Can the Rebels in Libya Be Trusted?

The fall of Tripoli proves to be more complicated than originally reported.

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After months of stalemate, revolutionary forces seemed to have made a crucial advance in their campaign against Libyan dictator Muammar Qadhafi. Over the weekend, the rebels pushed into the capital city of Tripoli, Qadhafi's final stronghold, and were have said to have taken over nearly 90 percent of the city. Said President Obama in a statement from Martha's Vineyard Monday: "This much is clear: The Qaddafi regime is coming to an end, and the future of Libya is in the hands of its people." [Read: Obama's Win in Libya]

However, only hours later, doubts emerged about the rebels' victory over the Qadhafi regime. Seif al-Islam el-Qadhafi, one of the dictator's sons that rebels had claimed to have captured, showed up at the Rixos Hotel where foreign journalists were staying. He took reporters on a drive to show them the parts of cities still under regime control, boasting that the rebels had been lured into a trap, that the his father remained in Tripoli, and that they were "going to break the backbone of the rebels." With his appearance as well as the escape of his brother Muhammad from house arrest, questions arose to whether rebels were exaggerating their control of the city. [See photos of unrest in Libya.]

Fighting continues in Tripoli. If and when rebels do assume full control, other concerns linger. First is the power vacuum that will be created once the Qadhafi regime falls. Argues Susan Milligan, "However awful a dictator may be, his presence usually brings a predictability and stability to the country." With tribal divisions already showing in the rebel forces, these cracks can widen to allow for Islamic extremist, often affiliated with terrorist groups, to assume leadership. Furthermore are concerns over weapons of mass destruction falling into dangerous hands. Tuesday morning Sen. John McCain called on the United States to "secure the weapons depots" in Libya and indeed the Pentagon reports that it is monitoring chemical sites. On the other side of the spectrum is the worry that United States might slip into another costly nation-building debacle like Iraq or Afghanistan. [See a roundup of editorial cartoons about the mideast uprisings.]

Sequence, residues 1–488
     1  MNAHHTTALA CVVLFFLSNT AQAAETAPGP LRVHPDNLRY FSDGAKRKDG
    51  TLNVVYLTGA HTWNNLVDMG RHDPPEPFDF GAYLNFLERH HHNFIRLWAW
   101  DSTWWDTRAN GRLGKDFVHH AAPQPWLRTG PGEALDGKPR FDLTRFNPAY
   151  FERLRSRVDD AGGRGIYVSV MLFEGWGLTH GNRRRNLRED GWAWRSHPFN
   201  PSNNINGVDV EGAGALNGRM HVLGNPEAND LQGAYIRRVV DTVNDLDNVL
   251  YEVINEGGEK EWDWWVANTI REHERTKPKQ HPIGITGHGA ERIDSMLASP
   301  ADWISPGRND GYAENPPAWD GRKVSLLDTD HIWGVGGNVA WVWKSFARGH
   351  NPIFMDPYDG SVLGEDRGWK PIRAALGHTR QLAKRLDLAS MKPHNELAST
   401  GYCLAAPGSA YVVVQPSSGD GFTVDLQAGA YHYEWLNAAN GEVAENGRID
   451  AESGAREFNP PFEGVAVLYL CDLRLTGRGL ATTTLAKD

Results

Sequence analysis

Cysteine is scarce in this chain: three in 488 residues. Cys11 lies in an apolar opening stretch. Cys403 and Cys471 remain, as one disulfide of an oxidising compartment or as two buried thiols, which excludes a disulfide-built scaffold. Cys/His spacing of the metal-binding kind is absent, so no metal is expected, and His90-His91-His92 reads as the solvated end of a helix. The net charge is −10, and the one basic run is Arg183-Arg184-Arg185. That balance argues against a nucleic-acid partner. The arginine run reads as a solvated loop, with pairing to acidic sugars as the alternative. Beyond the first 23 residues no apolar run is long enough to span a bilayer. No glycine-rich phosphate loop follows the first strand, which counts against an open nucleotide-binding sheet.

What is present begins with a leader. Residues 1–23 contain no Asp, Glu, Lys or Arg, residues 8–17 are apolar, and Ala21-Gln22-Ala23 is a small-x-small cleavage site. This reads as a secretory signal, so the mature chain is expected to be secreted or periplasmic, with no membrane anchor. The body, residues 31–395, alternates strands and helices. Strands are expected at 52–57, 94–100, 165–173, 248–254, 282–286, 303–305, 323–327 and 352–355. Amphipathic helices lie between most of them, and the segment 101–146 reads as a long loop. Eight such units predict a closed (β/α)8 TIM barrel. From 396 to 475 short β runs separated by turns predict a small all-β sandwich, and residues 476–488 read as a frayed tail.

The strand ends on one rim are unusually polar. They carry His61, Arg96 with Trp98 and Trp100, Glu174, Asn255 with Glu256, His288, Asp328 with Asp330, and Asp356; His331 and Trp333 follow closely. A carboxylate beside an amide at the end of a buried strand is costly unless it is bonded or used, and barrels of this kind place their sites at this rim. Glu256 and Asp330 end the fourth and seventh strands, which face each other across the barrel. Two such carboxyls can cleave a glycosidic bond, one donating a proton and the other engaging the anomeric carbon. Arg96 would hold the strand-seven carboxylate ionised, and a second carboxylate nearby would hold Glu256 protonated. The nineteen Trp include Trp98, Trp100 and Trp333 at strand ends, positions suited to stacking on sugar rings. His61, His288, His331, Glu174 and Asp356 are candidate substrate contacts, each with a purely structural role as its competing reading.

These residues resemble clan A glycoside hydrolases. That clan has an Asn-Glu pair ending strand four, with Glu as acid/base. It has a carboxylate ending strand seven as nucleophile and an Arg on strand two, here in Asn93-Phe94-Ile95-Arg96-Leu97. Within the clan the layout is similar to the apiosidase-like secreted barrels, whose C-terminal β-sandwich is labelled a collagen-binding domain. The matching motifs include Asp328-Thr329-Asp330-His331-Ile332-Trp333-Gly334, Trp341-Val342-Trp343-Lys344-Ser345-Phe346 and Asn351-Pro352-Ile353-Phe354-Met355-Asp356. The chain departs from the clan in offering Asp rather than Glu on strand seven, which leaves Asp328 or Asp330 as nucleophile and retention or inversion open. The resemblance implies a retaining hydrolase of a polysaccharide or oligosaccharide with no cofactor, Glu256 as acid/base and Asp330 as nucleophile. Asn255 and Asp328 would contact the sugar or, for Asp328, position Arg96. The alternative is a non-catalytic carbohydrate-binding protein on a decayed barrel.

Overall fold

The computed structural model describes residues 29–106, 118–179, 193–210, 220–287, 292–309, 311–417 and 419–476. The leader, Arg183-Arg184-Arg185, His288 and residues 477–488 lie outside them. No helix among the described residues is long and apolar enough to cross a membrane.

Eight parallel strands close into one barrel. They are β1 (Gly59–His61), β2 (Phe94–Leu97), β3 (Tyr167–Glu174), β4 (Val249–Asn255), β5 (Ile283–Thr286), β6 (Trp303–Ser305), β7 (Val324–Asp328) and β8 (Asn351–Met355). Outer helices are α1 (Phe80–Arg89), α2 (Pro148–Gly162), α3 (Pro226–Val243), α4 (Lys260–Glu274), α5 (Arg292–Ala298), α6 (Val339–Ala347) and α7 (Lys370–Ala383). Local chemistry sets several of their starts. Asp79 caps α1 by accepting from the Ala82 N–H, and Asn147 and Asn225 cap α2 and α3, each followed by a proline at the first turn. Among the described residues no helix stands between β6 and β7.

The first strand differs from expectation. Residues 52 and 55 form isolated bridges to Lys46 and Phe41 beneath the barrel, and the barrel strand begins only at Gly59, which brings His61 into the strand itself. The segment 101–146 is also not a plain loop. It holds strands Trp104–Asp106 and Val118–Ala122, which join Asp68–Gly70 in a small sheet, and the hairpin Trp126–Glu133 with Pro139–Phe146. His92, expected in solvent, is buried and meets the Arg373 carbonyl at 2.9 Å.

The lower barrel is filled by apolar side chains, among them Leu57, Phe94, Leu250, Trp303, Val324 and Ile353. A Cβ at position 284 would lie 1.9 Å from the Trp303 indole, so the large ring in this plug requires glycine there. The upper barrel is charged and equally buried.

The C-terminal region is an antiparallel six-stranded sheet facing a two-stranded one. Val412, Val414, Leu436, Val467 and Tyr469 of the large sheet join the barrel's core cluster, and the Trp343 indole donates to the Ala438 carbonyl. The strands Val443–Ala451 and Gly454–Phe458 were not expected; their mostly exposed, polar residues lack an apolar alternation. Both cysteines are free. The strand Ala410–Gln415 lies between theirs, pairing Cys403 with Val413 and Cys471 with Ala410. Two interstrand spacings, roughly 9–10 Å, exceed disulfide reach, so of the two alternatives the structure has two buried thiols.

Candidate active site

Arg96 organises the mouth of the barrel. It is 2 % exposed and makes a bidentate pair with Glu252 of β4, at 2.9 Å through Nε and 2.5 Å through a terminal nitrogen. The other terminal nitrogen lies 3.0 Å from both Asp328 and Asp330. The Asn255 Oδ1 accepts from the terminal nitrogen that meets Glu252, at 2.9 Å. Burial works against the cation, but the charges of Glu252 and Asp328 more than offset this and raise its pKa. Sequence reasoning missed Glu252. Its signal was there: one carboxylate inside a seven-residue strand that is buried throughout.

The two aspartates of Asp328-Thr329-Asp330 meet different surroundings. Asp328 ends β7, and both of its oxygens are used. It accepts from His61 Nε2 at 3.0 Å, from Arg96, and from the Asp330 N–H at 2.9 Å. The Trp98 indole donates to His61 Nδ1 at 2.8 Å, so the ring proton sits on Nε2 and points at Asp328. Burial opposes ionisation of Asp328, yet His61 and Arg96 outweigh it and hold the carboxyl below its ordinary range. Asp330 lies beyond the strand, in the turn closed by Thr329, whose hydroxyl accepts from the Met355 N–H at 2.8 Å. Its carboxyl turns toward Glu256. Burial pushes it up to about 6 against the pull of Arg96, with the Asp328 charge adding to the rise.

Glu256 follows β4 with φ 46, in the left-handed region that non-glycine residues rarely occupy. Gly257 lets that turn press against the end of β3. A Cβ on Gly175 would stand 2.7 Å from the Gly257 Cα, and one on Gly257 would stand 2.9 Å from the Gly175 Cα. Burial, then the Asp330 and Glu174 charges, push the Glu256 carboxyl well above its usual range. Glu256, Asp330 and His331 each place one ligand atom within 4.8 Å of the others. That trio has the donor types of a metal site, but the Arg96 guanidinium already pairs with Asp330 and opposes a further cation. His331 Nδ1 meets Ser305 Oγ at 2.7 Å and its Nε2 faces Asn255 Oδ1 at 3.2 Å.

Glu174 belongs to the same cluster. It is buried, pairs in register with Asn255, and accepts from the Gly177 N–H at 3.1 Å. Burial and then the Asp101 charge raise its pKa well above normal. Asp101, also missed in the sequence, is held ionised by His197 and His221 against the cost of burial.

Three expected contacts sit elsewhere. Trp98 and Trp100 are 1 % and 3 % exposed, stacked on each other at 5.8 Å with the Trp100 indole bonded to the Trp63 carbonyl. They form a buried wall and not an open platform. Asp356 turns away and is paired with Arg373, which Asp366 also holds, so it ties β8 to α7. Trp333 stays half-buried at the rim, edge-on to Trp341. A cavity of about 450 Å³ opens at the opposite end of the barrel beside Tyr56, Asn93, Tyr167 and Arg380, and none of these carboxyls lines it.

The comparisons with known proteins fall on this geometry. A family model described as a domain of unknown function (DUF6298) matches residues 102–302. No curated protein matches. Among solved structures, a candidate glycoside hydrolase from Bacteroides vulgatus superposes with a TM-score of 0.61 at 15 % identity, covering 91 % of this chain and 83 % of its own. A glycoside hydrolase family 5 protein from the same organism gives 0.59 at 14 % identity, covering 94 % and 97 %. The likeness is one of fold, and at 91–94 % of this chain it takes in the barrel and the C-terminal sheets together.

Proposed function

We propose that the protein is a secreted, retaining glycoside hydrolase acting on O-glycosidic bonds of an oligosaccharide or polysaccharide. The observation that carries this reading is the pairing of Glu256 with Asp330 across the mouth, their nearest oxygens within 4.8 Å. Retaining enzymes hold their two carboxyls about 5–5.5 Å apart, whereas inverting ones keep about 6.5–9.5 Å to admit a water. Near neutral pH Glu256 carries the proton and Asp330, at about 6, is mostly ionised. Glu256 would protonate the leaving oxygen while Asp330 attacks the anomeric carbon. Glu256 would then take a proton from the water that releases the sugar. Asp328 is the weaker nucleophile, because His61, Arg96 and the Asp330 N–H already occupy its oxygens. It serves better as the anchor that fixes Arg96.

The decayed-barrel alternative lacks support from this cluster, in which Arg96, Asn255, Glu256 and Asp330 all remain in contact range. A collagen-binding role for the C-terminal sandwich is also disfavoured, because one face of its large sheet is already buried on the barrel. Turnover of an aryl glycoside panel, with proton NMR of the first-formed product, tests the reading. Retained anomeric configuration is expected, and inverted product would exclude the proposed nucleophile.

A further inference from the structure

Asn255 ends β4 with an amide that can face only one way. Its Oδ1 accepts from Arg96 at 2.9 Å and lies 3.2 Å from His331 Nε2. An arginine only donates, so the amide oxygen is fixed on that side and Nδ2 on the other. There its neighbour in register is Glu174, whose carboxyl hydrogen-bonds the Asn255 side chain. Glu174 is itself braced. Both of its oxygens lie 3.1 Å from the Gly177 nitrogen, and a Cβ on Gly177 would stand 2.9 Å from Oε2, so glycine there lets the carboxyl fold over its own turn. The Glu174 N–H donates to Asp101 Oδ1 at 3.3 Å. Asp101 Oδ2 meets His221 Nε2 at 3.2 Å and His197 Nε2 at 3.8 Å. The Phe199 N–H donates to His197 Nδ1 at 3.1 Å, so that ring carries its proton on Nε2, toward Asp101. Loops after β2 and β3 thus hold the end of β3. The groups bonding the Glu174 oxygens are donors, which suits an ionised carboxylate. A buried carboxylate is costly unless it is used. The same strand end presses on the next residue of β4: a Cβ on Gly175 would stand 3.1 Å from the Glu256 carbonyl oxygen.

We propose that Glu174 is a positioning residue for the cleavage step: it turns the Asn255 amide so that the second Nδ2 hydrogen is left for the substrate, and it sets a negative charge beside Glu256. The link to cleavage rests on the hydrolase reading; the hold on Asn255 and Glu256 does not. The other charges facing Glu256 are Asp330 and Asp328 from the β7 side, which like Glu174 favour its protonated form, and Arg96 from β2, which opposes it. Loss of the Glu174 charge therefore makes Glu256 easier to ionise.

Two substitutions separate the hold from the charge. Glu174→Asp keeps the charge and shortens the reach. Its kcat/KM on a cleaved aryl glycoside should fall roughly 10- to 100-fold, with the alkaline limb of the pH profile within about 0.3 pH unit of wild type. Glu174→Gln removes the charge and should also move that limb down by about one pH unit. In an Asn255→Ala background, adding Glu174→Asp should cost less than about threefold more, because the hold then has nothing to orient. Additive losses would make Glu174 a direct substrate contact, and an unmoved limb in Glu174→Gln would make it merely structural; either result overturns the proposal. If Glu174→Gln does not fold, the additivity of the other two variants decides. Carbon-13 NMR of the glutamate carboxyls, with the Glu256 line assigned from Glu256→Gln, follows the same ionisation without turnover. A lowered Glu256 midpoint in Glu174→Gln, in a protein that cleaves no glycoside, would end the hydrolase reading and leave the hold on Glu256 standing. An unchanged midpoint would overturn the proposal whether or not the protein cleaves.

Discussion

What do you think? Are the rebel forces in Libya to be trusted? Take the poll and comment below.

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Previously: What Now for Muammar Qadhafi?